Chapter 1

Introduction—Oscillators and Synchronization

Oscillation is among the simplest of dynamic behaviors to describe mathematically and has thus been conveniently used in modeling a wide variety of physical phenomena ranging from mechanical vibration to quantum mechanical behavior and even neurological systems. Certainly not the least of these is the area of electronic circuits. Many years ago, van der Pol created his classical model of an oscillator including the nonlinear saturation effects that determine the amplitude of the steady-state oscillation [9]. Soon afterward, Adler provided a simple theory of what is now known as injection locking, and coupled oscillators became a valuable design resource for the electronics engineer and the antenna designer [10]. Moreover, circuit theorists were able to apply these principles to long chains and closed rings of coupled oscillators to model biological behaviors such as intestinal and colorectal myoelectrical activity in humans [11, 12].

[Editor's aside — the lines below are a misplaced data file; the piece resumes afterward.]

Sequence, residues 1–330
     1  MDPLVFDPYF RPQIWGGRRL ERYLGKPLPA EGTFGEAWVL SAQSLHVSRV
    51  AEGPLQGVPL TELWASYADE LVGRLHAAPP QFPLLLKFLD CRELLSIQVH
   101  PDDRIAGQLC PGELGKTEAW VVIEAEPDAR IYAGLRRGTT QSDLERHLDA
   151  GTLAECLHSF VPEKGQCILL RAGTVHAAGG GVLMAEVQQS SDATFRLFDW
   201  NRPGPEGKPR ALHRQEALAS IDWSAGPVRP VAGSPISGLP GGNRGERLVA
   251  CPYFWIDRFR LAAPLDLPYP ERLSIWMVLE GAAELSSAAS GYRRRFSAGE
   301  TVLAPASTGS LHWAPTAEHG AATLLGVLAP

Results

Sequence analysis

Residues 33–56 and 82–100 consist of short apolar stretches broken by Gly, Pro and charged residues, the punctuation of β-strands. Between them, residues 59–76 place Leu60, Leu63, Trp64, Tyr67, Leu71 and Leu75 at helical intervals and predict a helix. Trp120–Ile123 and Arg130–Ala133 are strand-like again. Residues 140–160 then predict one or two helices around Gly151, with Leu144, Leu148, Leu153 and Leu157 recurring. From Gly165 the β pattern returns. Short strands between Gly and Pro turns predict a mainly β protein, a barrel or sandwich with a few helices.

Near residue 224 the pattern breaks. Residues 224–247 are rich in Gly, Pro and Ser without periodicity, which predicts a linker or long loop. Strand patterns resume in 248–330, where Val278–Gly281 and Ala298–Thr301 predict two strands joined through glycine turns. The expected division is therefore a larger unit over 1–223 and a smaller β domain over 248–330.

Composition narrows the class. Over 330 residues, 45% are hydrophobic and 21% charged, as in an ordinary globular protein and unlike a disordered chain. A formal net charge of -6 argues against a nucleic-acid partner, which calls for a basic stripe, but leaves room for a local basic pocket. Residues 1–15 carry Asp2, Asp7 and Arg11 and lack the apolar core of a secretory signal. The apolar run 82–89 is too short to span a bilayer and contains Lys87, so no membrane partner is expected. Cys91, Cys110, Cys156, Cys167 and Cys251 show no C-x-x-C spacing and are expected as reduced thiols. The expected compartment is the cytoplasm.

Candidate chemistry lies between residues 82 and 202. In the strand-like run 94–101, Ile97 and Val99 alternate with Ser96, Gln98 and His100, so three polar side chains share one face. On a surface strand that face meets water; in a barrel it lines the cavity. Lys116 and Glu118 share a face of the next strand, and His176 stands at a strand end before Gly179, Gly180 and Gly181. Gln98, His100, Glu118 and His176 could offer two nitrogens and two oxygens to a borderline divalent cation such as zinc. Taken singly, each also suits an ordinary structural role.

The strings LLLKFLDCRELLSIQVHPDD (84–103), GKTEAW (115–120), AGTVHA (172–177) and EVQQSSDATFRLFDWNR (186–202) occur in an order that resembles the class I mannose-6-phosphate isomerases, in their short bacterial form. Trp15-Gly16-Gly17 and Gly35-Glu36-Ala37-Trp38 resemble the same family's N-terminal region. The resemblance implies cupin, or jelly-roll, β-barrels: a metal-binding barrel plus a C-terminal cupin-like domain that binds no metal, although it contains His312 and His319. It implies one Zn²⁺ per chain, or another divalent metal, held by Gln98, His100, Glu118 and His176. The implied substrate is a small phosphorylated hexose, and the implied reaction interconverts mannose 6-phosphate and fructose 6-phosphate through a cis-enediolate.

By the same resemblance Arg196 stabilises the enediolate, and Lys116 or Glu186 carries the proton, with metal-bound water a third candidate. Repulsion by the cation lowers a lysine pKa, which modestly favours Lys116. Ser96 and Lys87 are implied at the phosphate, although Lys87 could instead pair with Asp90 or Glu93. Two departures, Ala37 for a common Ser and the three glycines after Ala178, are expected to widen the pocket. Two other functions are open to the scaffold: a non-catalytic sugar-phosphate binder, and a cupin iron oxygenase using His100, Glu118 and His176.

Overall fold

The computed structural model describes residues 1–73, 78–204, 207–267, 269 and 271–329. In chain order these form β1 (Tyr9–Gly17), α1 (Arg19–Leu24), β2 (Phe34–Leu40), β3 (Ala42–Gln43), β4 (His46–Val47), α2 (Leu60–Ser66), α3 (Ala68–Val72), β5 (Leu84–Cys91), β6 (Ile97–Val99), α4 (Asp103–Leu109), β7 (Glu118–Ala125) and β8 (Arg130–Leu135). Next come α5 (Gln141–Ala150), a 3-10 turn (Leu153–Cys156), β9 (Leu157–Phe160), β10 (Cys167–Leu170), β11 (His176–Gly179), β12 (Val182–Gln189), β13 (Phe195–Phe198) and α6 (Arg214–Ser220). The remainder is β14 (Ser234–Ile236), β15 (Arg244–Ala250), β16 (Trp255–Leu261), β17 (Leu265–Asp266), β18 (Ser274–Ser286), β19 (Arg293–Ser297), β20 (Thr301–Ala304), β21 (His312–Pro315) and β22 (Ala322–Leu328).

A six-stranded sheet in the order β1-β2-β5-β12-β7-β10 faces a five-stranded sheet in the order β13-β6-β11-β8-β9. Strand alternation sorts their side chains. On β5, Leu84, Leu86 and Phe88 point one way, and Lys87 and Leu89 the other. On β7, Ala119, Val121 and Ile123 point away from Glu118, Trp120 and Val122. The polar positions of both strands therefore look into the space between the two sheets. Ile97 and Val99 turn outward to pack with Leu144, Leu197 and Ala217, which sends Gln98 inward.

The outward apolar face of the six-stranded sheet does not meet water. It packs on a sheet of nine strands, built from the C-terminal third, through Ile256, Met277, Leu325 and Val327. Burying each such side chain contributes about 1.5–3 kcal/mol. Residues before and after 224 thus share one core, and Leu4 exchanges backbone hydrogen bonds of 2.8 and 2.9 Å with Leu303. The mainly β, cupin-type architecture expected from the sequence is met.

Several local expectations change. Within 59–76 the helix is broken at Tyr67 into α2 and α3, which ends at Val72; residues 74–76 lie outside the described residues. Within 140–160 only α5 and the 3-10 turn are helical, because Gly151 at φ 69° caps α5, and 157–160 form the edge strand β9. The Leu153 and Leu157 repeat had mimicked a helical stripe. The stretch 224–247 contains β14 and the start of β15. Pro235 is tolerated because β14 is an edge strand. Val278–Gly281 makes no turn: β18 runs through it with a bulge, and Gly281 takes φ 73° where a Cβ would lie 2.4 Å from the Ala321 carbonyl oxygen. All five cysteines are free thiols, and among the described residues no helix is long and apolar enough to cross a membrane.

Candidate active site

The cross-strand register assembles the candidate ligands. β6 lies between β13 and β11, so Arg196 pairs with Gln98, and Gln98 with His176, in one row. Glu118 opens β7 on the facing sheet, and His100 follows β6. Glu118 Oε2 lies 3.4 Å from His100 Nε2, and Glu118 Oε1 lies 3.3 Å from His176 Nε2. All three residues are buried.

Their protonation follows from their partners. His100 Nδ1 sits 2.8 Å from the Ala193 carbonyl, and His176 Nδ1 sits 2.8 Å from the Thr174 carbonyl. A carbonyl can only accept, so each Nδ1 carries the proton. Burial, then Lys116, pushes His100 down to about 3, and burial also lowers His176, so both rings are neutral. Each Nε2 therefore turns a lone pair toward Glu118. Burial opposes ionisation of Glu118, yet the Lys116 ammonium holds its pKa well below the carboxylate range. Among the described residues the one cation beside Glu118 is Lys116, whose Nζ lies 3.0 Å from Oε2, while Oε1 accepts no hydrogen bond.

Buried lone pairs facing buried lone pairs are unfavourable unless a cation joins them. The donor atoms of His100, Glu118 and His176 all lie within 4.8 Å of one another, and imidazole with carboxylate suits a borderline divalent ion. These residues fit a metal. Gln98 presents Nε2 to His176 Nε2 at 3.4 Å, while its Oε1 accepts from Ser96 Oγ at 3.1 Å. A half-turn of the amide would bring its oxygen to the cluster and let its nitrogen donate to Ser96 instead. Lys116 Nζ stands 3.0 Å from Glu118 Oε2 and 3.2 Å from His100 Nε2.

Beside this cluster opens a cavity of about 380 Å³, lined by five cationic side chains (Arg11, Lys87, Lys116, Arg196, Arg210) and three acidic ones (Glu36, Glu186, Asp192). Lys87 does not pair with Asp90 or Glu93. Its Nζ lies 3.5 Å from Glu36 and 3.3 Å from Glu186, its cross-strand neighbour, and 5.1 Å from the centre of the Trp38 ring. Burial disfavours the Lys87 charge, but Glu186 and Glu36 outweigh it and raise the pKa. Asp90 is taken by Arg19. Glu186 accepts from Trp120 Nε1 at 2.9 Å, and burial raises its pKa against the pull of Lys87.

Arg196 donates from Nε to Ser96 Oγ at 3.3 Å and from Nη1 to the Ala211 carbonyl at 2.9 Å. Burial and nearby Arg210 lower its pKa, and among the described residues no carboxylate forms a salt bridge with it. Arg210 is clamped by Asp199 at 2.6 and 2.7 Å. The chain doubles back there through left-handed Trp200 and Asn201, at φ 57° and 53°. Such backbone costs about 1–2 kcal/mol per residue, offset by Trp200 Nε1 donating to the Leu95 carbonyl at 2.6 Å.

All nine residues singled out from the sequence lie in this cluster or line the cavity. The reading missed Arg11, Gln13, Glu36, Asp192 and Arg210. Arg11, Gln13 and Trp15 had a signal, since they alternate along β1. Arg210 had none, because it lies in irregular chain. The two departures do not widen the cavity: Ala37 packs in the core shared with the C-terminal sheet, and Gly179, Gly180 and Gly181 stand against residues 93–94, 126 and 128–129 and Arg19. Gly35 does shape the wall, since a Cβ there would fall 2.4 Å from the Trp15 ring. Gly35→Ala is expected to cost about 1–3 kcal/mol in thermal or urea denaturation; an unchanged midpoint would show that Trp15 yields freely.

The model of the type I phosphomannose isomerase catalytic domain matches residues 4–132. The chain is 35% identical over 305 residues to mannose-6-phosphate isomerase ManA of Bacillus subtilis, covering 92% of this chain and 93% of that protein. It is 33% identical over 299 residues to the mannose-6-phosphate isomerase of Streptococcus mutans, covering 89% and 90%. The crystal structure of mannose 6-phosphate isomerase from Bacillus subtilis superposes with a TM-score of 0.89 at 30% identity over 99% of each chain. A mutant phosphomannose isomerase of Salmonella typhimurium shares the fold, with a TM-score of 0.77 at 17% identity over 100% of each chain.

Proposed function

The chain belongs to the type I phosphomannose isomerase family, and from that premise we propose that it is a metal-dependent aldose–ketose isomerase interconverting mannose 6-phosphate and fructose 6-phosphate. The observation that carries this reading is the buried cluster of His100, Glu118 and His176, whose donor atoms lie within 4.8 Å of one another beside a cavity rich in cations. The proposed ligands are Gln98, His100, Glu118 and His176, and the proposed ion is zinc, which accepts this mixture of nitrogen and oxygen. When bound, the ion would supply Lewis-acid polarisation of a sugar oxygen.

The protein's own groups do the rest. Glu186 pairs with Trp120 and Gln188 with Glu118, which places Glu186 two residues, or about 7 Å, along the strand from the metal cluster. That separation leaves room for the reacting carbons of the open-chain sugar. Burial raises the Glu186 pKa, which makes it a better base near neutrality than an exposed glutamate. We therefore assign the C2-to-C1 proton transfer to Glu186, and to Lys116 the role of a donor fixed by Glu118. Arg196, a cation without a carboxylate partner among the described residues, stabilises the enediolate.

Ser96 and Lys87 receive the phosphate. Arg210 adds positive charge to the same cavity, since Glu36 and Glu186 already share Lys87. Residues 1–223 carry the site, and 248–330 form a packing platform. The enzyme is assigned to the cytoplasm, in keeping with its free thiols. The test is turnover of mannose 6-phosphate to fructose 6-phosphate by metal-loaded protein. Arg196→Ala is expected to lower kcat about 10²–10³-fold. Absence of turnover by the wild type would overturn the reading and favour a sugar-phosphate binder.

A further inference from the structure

1.1   Early Work in Mathematical Biology and Electronic Circuits

Biologists, in trying to understand how neurons coordinate the movements of animals, have defined what is known as a “central pattern generator,” or “CPG” for short. A CPG in this context is a group of neurons that produce rhythmic or periodic signals without sensory input. Biologists have found that CPGs are conveniently modeled mathematically if treated as a set of oscillators that are coupled to each other, most often using nearest-neighbor ...

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